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How ‘The Bachelor’ Franchise has Changed since I was Eight Years Old

This article is written by a student writer from the Her Campus at Northwestern chapter.

I like to think of myself as a product of “The Bachelor Nation.” It really has been an influential part of my childhood. From my parents, I learned how to be a good person. From my friends, I learned how to get along with others. And from The Bachelor, I have learned how not to go about finding a spouse. Pretty much your typical upbringing.

Sure, I loved Disney Channel and Nickelodeon as much as the next kid, but my real guilty pleasure was cuddling up in bed next to my mom watching The Bachelor every Monday night, as she covered my eyes during all the kissing scenes.

I sit back and laugh when people ask, “Do you remember Chris Soules?” Ha. Do I remember? The worst bachelor of all time. How could I forget?! Or when Ari changed his mind and chose Lauren over Becca in the end, all I could say was “Been there, done that. Remember when Jason Mesnick called off his engagement to Melissa and showed up with Molly on After the Final Rose? That was real drama.”

While I have been a loyal fan for the majority of my life, many of you are just now coming around and realizing why The Bachelor franchise is the best trash TV on the face of this planet. But now I’m here to give you a little history lesson on what you may have missed before your late arrival or what has changed since.

From Pad to Paradise

The Bachelor franchise really took off after it produced three seasons of Bachelor Pad (aka the definition of trash TV). Bachelor Pad was essentially any typical season of The Bachelor and a game show combined.

The show starred 11 women and eight men from previous seasons of The Bachelor and The Bachelorette who competed for a $250,000 prize and a second chance to find love. The contestants all lived in the mansion together and participated in weekly challenges, went on dates and eliminated other contestants at the end of each week. Challenges included synchronized swimming, “The Newlywed Game,” and my personal favorite: rub your and your partner’s body on a block of ice until it melts.

Towards the end of the show, couples had to pair up to participate in a dance competition judged by previous Bachelors and Bachelorettes. Later, there was a final vote and the winning couple participated in a prisoner’s dilemma where the male and female contestants had to decide whether to keep or share the $250,000 prize. If both contestants decided to keep the prize, the money was evenly distributed among the other eliminated contestants.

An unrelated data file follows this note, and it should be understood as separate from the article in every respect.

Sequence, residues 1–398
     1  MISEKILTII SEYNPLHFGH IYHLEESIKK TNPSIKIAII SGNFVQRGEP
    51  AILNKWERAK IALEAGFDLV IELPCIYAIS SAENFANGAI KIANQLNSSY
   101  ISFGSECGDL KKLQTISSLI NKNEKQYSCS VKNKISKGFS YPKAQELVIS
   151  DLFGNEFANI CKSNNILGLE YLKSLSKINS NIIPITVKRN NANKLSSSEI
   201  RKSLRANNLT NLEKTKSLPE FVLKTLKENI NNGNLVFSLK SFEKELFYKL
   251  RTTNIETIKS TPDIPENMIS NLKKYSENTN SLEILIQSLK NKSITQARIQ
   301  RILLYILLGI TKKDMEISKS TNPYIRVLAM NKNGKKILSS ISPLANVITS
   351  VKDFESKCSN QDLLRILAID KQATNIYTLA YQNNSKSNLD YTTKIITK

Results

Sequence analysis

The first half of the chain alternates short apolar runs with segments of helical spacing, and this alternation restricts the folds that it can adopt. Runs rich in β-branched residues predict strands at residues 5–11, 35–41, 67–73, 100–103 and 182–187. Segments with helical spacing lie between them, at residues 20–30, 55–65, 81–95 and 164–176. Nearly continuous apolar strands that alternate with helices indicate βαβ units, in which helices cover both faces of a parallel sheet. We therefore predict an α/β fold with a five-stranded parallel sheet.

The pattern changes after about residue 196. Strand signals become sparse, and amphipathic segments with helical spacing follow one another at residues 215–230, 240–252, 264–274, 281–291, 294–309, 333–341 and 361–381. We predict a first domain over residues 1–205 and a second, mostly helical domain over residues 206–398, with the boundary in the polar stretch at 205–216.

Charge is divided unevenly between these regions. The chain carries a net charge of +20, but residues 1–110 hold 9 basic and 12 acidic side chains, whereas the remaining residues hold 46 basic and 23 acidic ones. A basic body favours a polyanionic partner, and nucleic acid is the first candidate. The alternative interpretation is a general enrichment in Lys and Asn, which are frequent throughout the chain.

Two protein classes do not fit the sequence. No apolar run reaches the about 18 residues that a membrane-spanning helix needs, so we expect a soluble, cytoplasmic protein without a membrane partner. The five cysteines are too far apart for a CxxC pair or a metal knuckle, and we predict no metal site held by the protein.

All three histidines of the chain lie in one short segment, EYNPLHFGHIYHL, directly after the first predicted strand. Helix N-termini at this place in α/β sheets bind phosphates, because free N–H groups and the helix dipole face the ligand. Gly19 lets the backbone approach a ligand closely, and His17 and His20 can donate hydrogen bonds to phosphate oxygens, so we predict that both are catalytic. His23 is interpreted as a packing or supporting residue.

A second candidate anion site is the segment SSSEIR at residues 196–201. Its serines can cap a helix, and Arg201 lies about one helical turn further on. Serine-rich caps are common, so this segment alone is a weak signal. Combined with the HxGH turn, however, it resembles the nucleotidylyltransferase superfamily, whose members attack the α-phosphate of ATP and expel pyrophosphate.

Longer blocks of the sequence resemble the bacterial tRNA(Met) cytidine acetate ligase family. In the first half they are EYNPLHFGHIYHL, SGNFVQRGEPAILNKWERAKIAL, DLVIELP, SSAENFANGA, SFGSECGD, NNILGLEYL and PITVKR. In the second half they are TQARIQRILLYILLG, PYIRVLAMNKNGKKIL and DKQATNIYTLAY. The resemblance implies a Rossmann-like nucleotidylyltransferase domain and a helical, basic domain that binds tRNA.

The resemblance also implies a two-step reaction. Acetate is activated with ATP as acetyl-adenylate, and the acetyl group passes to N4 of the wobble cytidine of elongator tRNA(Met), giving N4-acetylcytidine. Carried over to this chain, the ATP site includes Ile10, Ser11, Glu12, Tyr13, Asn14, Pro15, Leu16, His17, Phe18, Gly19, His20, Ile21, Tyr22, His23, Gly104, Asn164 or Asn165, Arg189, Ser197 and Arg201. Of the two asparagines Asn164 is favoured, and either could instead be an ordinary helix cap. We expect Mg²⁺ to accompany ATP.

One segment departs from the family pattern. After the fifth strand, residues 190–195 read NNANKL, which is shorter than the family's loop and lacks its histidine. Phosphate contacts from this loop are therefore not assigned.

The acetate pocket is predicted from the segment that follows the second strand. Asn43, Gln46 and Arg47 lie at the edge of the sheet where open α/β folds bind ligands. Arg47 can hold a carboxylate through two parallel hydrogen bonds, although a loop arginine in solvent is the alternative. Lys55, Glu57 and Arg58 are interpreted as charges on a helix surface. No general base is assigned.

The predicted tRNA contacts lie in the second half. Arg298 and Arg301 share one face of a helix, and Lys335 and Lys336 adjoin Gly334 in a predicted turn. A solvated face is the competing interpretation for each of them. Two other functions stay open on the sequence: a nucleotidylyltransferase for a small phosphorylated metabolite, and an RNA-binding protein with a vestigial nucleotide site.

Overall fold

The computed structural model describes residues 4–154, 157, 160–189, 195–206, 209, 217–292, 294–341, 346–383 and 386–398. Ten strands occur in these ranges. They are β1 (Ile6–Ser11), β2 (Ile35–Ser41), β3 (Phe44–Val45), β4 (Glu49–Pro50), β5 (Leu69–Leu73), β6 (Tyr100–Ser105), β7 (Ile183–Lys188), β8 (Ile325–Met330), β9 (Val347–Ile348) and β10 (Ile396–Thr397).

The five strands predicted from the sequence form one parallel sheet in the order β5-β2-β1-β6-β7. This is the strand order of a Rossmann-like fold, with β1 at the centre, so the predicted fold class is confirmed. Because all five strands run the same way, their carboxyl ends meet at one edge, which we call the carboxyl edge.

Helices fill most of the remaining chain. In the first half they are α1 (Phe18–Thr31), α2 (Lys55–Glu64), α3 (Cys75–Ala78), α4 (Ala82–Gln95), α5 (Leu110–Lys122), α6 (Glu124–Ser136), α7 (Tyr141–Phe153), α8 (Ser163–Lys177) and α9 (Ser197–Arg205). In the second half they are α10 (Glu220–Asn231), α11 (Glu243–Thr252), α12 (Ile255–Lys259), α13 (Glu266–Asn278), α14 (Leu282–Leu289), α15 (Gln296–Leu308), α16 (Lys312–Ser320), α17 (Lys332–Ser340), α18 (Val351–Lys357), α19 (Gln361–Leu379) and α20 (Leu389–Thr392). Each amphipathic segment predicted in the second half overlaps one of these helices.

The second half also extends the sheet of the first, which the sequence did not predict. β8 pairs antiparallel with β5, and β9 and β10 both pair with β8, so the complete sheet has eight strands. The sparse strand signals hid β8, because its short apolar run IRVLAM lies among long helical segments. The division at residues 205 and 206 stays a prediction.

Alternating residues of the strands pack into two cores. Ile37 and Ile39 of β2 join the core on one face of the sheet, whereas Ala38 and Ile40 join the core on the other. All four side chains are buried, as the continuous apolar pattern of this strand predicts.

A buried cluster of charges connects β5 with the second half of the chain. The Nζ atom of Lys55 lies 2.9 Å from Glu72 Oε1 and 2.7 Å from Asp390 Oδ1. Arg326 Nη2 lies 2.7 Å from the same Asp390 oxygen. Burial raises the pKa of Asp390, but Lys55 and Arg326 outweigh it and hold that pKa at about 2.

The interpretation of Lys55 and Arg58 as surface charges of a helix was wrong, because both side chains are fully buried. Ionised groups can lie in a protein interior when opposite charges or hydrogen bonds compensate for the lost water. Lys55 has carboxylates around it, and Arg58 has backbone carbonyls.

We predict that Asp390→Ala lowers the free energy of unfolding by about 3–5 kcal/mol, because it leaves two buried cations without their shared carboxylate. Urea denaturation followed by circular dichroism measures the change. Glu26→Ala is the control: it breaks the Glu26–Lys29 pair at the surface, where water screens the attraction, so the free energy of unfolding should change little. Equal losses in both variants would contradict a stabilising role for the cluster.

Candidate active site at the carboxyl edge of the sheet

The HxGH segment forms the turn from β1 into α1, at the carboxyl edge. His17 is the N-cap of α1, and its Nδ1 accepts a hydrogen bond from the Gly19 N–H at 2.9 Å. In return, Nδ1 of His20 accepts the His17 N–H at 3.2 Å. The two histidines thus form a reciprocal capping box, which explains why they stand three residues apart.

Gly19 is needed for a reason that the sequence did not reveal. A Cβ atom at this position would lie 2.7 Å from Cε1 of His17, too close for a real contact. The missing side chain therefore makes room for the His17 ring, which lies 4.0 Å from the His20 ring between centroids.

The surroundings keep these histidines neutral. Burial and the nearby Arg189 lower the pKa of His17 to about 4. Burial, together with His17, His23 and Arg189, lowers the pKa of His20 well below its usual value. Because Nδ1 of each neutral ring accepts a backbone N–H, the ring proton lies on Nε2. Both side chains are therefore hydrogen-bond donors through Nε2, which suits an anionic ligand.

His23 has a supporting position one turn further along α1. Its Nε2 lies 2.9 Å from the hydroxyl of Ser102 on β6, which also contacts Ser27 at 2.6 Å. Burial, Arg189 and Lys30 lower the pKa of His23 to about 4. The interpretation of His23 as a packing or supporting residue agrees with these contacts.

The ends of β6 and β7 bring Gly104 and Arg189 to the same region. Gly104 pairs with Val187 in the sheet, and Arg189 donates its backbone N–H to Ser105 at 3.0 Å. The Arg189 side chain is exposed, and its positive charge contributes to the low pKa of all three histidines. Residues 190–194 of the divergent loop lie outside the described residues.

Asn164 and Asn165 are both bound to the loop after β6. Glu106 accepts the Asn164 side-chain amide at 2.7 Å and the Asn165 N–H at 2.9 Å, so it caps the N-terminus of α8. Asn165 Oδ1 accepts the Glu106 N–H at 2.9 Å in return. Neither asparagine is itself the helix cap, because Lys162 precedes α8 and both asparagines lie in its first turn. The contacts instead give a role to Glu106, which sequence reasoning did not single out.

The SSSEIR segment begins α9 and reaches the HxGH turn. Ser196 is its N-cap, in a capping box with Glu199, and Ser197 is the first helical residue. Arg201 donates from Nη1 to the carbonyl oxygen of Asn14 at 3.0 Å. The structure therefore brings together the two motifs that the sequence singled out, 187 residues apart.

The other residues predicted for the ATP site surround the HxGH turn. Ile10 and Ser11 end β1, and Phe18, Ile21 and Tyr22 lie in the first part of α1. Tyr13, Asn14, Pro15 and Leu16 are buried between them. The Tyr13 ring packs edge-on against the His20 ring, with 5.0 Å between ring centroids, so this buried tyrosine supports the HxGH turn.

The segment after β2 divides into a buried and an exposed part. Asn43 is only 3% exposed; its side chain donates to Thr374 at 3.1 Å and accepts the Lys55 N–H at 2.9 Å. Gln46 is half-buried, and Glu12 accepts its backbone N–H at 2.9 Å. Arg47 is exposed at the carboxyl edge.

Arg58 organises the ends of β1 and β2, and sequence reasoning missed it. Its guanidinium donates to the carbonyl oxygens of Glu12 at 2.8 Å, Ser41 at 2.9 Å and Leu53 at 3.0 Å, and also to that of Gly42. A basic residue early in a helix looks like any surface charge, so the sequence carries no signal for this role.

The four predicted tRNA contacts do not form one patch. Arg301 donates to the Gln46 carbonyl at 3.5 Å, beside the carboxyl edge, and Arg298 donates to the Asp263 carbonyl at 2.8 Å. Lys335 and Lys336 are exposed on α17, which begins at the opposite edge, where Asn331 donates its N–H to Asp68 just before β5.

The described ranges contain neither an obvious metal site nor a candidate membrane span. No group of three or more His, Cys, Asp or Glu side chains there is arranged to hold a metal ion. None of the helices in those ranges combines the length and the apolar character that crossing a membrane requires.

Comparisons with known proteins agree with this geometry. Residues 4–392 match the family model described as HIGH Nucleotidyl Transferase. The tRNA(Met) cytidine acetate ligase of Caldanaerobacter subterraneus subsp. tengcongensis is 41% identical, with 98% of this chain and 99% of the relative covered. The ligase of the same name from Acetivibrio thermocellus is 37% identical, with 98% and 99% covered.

Yes, I know. This show was complete and utter madness. You think Bachelor Winter Games or Bachelor in Paradise are a lot? You haven’t seen anything yet.

Eventually, the producers of the show must have realized that using money as an incentive somewhat defeats the premise of “finding love” on The Bachelor, so the program was discontinued. Somehow, the show did produce a couple, Holly Durst and Blake Julian of season two, who are still happily married.

Three Words. Eight Letters.

Another huge change in the franchise is the way the contestants treat the rules of the show. As the years go by, everyone has become much looser with the rules, especially in terms of saying “I love you.” While the show hopes to prohibit the Bachelor or Bachelorette from saying “I love you” to any contestants before the final rose ceremony, recent contestants have found loopholes. This season, Colton managed to tell all four girls who remained at hometown week that he was “falling in love” with them. Without directly saying he loved them, he said he loved them.

Now, some may not understand why this rule is in place, but at the end of the day, as fake as this show may seem at times, these people manage to develop some feelings throughout the process, and the program does its best to prevent broken hearts given the circumstances. That being said, it is inevitable, and soon enough we will start hearing “I love you” on night one.Instagram Kings and Queens

The biggest change to the franchise since I started watching in 2008 is the social media presence and the creation of “The Bachelor Nation.” Social media has completely altered the game. Going on the show now is almost an immediate claim to fame and fortune. Before social media, The Bachelor was like any other reality show, but Instagram allows contestants to gain endorsements and become even more popular after their time on the show.

Additionally, social media and blogging platforms have led to spoilers being released, yet they also make it easier to follow the lives of the contestants after the final rose.

Social media has absolutely increased the show’s popularity and the desire to apply, as many contestants see it as an opportunity to make money and become famous (aka the ones who are there “for the wrong reasons”).

While all these changes have happened, I’m not sure if they’re good or bad. They are just part of the show’s evolution, and it has been so fun for me to grow up watching. Who knows how The Bachelor will continue to grow and what it could have in store next!

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